Earning a “5”: Successful Test-Taking Strategies for the New AP* Biology Exam
Many students experience anxiety in the days and weeks leading up to test day and particularly before standardized tests, such as the SAT, ACT, and AP exams. Teachers can help reduce that anxiety by familiarizing their students with the exam and having them practice basic, proven test-taking strategies.
- Familiarize yourself and your students with the format of the exam. The new AP Biology exam is 3 hours long and consists of the following sections:
- Multiple choice (90 min)
- Part A: 63 multiple-choice questions derived from the Curriculum Framework
- Part B: 6 grid-in, quantitative questions
- Free-response questions (90 min)
- Two long free-response questions
- Six short free-response questions
- The College Board divided the new AP Biology curriculum into 4 Big Ideas. Make sure you teach students the information covered in the Essential Knowledge points listed under each Big Idea. The College Board's AP Biology Course and Exam Description delineates the topics the test includes (and those excluded as well).
Assign your students practice questions like those asked on the exam. See new sample exam questions posted on the College Board’s AP Central Web site. Carolina Investigations™ for AP Biology labs include Big Idea assessment questions that help students improve their writing strategies and prepare for free-response questions (FRQs) on test day. Consider administering these questions in a format that mimics the AP exam. To help students become comfortable answering questions under time constraints, structure the time for the practice test. Use Scantron® sheets to increase student familiarity with multiple-choice and grid-in questions.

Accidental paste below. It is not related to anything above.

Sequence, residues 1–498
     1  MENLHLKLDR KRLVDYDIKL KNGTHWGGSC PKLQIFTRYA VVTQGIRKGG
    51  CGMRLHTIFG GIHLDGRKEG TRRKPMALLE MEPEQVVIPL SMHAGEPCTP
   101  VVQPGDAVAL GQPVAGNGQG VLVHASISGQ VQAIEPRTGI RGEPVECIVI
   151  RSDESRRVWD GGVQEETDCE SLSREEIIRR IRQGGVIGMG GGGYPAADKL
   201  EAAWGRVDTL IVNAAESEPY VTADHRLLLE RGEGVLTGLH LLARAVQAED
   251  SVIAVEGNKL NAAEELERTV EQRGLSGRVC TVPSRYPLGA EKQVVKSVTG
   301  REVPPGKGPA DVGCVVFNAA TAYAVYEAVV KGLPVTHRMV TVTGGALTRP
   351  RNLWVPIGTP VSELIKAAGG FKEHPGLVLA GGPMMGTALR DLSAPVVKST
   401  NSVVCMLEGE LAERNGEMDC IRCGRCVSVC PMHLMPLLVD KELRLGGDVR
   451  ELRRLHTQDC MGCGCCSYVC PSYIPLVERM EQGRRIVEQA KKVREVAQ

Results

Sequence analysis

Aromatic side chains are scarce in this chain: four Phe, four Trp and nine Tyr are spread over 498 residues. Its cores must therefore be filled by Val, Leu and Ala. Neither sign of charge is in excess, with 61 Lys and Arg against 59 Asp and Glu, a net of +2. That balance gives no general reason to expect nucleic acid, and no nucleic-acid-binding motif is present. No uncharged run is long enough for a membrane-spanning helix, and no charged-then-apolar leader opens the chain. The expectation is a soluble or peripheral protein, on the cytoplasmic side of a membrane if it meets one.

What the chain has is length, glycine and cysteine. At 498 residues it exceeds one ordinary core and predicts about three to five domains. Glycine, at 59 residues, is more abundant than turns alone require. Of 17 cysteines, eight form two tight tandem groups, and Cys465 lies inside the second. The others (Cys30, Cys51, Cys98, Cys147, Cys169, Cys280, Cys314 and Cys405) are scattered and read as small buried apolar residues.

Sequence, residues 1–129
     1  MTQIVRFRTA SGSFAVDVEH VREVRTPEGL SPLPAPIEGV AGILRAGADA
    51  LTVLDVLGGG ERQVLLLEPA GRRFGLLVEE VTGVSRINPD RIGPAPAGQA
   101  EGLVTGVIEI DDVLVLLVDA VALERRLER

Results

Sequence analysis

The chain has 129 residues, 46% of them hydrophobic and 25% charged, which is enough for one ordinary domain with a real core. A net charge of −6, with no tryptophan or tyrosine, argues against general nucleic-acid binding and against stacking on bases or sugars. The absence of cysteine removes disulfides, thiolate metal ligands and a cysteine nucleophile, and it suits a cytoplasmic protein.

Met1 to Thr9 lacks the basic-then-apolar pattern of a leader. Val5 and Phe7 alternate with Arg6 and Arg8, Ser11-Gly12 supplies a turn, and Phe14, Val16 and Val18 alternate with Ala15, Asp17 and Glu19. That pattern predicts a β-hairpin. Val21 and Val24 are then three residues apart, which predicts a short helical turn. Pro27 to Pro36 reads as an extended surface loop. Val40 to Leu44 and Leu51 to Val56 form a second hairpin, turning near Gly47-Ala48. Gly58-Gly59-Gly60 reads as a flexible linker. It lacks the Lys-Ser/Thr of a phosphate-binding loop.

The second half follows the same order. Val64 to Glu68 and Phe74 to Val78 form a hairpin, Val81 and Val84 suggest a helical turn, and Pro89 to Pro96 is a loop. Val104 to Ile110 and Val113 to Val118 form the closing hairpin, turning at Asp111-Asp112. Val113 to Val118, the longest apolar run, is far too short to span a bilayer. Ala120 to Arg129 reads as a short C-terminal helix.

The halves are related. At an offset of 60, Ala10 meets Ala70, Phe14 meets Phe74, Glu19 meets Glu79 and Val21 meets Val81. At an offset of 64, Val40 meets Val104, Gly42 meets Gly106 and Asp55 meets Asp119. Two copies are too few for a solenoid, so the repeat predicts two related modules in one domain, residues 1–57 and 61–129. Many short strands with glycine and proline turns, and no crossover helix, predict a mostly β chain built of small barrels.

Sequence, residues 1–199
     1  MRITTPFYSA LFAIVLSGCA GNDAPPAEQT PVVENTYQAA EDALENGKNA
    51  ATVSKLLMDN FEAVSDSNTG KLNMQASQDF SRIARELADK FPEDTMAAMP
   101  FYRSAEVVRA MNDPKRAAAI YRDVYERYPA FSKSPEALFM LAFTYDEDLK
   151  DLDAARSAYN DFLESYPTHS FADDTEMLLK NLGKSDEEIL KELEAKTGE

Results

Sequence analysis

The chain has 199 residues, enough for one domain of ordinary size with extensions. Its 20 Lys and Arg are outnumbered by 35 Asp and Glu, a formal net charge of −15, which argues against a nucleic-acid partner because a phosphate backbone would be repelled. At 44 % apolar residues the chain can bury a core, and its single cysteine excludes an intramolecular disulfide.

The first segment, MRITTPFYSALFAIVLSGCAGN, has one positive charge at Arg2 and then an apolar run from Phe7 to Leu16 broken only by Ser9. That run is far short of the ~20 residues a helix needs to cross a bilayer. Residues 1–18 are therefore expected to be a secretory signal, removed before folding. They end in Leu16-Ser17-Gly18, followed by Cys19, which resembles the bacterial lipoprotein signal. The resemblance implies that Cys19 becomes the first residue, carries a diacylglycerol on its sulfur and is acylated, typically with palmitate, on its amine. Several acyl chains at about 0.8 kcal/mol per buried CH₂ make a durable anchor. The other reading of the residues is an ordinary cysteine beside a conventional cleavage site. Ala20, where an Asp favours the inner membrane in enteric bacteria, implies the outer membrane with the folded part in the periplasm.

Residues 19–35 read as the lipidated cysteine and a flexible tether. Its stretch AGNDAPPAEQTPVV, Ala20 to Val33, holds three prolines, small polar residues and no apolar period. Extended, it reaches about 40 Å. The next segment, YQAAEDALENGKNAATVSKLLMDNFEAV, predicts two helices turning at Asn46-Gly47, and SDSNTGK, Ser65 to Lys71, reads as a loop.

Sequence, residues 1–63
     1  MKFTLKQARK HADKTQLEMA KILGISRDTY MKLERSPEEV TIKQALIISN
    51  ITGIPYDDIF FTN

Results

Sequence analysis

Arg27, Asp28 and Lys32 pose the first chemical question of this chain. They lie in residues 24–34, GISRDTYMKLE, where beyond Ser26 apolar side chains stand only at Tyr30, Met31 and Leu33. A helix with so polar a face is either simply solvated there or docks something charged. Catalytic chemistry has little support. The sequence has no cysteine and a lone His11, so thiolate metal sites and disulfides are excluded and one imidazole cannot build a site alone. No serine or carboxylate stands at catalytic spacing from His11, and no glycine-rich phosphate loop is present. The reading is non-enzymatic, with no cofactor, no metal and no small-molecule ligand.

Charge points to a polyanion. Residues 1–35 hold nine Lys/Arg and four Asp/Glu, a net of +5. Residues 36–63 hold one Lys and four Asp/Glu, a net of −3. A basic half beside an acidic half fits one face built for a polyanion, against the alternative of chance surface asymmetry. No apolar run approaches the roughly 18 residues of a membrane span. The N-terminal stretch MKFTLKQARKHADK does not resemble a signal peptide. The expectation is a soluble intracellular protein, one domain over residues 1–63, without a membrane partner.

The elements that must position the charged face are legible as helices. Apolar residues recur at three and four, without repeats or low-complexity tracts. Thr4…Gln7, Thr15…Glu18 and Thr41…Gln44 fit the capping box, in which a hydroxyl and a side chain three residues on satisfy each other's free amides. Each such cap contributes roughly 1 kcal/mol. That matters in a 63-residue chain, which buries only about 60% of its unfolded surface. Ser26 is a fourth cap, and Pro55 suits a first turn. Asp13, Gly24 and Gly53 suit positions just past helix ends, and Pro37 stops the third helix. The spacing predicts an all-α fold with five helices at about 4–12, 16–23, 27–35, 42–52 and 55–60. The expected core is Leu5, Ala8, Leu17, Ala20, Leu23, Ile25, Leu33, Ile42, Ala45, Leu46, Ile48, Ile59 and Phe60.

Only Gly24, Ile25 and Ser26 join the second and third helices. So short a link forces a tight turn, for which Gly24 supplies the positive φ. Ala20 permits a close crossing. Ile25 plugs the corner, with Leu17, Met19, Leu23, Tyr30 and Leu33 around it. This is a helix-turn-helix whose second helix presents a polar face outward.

The multiple-choice and free-response sections have equal weight, each accounting for ½ the total exam score. Access more information about the 2013 exam at the AP Biology Course and Exam Description.
- To further strengthen your students’ writing skills and better prepare them to answer FRQs, provide them FRQs from past exams. Require students to take 1 to 2 minutes to read each question and plan a response by drafting a quick outline or jotting down notes. The AP exam includes a 10-minute mandatory reading period before students can begin answering FRQs. Students are more likely to provide complete, organized responses if they organize their thoughts before answering the questions. Have students peer-review answers to practice FRQs so they can learn from each other's writing strengths and weaknesses. Provide students examples of high-scoring answers and explain what sets apart a high-scoring answer.
The Question = Claim + Evidence+ Reasoning model of scientific argumentation is a powerful strategy students can use to answer FRQs. Using the model, students must read and understand a posed question. They directly begin answering the question with a claim statement, then back up their claim with specific examples of evidence, and finally, use reasoning to show how the evidence justifies the claim. There are many resources available online that provide additional information about this model of scientific argumentation.
- Teach your students basic standardized test-taking strategies. Encourage those who have difficulty finishing a timed test to skip difficult questions, answer the questions they find easiest, and then return to the more difficult questions during any time remaining.